We compare our results with these theoretical expectations by showing in Figs. 3 and 4 the Mdisk/acc ratios for three different values of Mdisk/acc = 0.1 Myr, 1 Myr, and 3 Myr. We assume that the total disk mass (Mdisk) is Mdisk = Mdisk,gas in Fig. 3, while Mdisk = 100·Mdisk,dust in Fig. 4. Indeed, to convert Mdisk,dust to Mdisk one needs to know the gas-to-dust ratio. We assume an interstellar medium value of 100 for the gas-to-dust ratio, as is commonly done (e.g., Andrews et al. 2010; Ricci et al. 2010). If the gas-to-dust ratio has no dependence on Mdisk, this has no impact on the correlation between acc and Mdisk but is instructive for the discussion. The typical age of Lupus targets is ~1–3 Myr with a spread of 1–2 Myr (e.g., Alcalá et al. 2014).

The location of the targets in Fig. 4 is in general agreement with the aforementioned theoretical expectations. Most of the targets (60%) have positions between or compatible with the 1 and 3 Myr lines. However, several of the targets in Fig. 3 do not match the expectations from viscous evolution theory as they lie above the Mdisk/acc = 1 Myr line.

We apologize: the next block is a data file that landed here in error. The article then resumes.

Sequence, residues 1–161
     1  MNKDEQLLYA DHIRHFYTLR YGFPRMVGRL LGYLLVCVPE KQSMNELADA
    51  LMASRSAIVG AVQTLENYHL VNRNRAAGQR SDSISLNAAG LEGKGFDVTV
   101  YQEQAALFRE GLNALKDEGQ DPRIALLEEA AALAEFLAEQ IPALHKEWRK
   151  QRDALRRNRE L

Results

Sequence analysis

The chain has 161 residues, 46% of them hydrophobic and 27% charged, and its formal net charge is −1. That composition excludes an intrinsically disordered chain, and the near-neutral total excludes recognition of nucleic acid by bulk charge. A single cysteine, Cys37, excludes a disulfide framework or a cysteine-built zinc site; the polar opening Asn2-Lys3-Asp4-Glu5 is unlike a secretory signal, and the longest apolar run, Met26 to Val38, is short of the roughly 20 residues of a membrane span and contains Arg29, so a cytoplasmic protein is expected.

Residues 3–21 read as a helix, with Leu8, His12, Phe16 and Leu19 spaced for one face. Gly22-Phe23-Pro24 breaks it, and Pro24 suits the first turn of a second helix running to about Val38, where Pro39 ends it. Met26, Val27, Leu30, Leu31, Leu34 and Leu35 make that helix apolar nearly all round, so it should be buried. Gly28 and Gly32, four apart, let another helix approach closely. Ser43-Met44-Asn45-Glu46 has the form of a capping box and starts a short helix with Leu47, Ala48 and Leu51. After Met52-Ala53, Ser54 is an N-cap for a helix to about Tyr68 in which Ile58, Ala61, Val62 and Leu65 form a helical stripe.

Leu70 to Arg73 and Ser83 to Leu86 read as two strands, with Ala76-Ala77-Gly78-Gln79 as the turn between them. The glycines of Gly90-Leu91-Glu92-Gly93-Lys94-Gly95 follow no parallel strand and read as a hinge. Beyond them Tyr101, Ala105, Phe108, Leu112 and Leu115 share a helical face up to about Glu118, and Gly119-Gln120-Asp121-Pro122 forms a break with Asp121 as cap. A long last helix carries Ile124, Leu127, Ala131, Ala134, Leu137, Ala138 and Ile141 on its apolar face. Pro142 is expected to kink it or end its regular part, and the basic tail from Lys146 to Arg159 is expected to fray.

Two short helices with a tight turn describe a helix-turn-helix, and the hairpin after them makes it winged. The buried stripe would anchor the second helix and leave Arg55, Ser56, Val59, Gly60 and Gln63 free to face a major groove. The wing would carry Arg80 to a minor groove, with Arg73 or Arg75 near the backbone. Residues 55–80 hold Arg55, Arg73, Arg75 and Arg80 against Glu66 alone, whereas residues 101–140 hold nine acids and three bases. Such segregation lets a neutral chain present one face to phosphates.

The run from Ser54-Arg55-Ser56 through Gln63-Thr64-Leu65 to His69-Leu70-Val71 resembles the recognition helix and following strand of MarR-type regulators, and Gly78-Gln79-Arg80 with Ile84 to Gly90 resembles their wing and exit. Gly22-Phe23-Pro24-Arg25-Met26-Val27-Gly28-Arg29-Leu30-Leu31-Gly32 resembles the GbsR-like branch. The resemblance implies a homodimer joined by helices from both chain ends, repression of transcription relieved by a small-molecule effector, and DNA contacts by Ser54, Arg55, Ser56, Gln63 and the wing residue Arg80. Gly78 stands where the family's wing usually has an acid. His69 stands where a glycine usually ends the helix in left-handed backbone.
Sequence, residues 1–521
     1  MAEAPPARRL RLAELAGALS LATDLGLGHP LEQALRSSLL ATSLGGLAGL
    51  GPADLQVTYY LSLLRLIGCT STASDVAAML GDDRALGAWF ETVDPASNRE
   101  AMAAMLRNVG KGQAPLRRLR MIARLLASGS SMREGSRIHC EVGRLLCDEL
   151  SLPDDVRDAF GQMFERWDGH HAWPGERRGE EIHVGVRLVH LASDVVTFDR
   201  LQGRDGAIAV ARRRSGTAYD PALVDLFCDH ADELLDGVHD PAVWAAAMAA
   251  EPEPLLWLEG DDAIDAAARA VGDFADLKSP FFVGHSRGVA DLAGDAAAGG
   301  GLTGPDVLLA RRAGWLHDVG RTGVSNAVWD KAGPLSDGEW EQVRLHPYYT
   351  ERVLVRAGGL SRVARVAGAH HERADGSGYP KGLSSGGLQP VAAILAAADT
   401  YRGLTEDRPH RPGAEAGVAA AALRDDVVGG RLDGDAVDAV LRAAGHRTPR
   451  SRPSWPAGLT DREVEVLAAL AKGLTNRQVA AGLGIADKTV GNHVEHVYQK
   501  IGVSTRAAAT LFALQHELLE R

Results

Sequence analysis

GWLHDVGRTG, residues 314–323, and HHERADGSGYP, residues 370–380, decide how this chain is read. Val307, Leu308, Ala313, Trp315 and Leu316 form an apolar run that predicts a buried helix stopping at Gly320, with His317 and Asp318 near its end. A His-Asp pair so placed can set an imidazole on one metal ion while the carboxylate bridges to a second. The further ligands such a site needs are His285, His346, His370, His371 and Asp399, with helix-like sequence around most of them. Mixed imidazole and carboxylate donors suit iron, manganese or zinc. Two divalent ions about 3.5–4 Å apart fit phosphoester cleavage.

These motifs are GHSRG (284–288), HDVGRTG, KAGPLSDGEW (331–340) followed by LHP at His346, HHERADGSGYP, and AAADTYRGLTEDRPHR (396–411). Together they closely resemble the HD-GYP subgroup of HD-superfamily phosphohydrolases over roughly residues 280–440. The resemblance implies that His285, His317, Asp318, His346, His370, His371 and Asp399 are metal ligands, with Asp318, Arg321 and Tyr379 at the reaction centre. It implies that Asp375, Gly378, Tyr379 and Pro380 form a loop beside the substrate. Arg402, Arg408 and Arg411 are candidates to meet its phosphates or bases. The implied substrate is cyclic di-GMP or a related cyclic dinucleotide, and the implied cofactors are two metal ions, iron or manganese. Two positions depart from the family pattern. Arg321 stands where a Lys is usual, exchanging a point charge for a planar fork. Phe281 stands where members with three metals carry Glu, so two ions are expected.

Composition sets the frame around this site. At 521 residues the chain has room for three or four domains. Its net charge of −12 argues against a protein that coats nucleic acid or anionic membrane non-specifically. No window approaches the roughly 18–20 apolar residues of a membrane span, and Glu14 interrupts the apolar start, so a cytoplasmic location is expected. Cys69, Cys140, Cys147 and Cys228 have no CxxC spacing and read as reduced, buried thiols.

The lack of correlation between acc and Mdisk,gas is contrary to expectations from viscous evolution theory. When assuming Mdisk = 100 ·Mdisk,dust, however, we find a correlation between Mdisk and acc and also Mdisk/acc ratios that are compatible with expectations from theory. Thus, we are inclined to conclude that the total disk mass MdiskMdisk,dust, as with this assumption the correlation is present. This in turn suggests that Mdisk,gas measured from CO emission is possibly lower than the total Mdisk, at least for the more massive disks. A possible explanation for this might be that carbon is processed in more complex molecules (e.g., Bergin et al. 2014; Kama et al. 2016) or that more detailed modeling of CO lines is needed, but this discussion is out of the scope of this paper.